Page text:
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How to Store a Classic Car in Your Self Storage Space

Jon Fesmire | March 25, 2021 @ 8:35 AM

Having a classic car often means you sought out the frame and parts and restored it yourself. These vintage vehicles are a labor of love for many, and if you own one, you’ll want to treat it right.

You might need to put it away for the winter, especially in the colder areas of the U.S., or you may want somewhere to house it in between car shows. Whatever the case, self storage can provide the solution.

The goal when storing your vehicle should be to keep it in mint condition. Let’s go over various steps to achieve that, or at least to keep it in the best condition possible.

Look for Vehicle Storage

While self storage is ubiquitous, facilities that specialize in vehicle storage are less common. Still, you’ll probably be able to find one in your area, you can use StorageFront to do so.

Many facilities have outdoor or partially covered spaces. However, for a classic car, you’ll want a fully enclosed storage space. This could be an individual unit, or it could be space in an indoor parking lot. Both can work well.

A Warm Space

An indoor unit protects against weather conditions, but not so much against changes in the yearly climate. If you can find it, we also encourage you to get a heated unit or to put it in a heated indoor lot, especially during the winter. It’s a good idea to keep it somewhere temperature-regulated in the summer, too, which can also protect your vehicle from humidity.

Ideally, you could place your vehicle in a climate-controlled unit, where the temperature is kept between 50 and 80 degrees, and the humidity between 30% and 50%. However, few drive-up units have climate control.

Some facilities do have drive-up units indoors, and those may have this feature, and some vehicle storage companies may have it for some of their drive-up units.

Unit Size

When you rent a unit for your classic car, make sure you have about two feet of space all around the vehicle. That will make it easier to get around the unit and to make adjustments to the car while you’re there.

Before You Store Your Car

There are a handful of steps to take before you put your car in storage, all designed to keep it in good condition. If you don’t want to take these steps yourself, you can always hire a mechanic to take care of it.

  • Change the Oil

Your car’s oil is what keeps your engine lubricated and prevents the metal parts from welding together, so change it and make sure it’s full.

  • Change or Add Coolant

The coolant, or antifreeze, cools down your engine by absorbing the excessive heat. Once you’ve filled the coolant, run the car or take a drive to circulate it through the systems that need it.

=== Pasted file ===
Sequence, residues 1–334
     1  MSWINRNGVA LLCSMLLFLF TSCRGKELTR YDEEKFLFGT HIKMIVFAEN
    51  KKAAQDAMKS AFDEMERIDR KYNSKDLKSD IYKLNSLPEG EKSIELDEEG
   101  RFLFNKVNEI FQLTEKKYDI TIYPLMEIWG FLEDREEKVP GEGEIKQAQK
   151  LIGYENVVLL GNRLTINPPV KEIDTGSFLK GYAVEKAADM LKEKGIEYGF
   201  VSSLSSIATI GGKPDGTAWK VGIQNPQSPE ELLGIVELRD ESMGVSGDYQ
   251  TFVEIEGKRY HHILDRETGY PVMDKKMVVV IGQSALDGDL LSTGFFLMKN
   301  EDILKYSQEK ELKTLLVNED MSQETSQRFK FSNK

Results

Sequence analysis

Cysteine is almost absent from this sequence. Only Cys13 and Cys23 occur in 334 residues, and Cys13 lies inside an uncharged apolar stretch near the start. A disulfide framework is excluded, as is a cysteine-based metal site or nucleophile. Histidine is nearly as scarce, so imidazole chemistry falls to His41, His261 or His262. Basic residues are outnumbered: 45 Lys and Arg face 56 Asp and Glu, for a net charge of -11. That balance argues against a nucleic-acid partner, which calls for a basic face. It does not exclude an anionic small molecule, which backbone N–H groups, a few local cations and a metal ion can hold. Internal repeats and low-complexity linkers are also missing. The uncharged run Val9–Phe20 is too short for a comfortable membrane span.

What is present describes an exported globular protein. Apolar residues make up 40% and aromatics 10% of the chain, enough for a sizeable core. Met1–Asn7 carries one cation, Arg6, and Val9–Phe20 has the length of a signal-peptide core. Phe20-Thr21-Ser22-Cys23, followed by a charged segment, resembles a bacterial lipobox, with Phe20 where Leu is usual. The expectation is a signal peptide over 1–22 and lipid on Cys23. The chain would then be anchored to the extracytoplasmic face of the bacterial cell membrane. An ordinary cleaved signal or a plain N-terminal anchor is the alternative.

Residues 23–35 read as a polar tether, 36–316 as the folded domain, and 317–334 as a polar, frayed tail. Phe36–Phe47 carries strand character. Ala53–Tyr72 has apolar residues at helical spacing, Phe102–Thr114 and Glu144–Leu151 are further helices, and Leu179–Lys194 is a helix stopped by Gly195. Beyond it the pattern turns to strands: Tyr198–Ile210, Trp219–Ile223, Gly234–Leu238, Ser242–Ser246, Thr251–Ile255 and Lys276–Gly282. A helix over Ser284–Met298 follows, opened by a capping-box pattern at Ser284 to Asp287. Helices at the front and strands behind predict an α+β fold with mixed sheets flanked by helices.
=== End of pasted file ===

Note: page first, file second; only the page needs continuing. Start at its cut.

• Buff the Brightwork

The metallic plating, or brightwork, on your vehicle is meant to shine. Buff it with a gentle metal polish to keep the metal sparkling.

  • Remove the Battery

You can do this when you get your car to storage. Most storage facilities do not provide electricity inside their units, and car batteries need frequent charging. Normally, just driving your car does this. With your classic car in storage, take the battery home and hook it up to a cycling charger or a trickle charger.

  • Put Down a Mat

Whether you have a heated unit or not, we suggest putting down a thick plastic mat in your unit to park your car on. This provides your undercarriage with an extra layer of protection from moisture that could form on the ground.

  • Fill the Tires

Make sure to pump up the tires before storing your car to avoid flat spots. You may also want to moisturize them with a rubber conditioner.

When You Store Your Car

Here are some things to take care of when you put your car in storage.

  • Handbrake

Keep the handbrake off. Having it on can damage the cable and pads. Instead, purchase parking blocks and place them behind and in front of your tires.

  • The Brakes

You’ll want fresh brake fluid to protect your brakes. Siphon off the excess liquid and replace it with fresh fluid.

Finally, once your classic car is in storage, bring your battery from home about once a month and hook it up to your classic car. Then, run the engine for ten minutes. This will keep the oil circulated.

Keep the roll-up door to your unit opened and wait outside the unit. You don’t want to breathe in carbon monoxide. Keep your car in running condition and protect your own health at the same time.

These steps will help keep your classic car in great shape throughout the year. When you’re ready to drive it again or bring it to a car show, you should have minimal work to do on it to ensure it’s ready.

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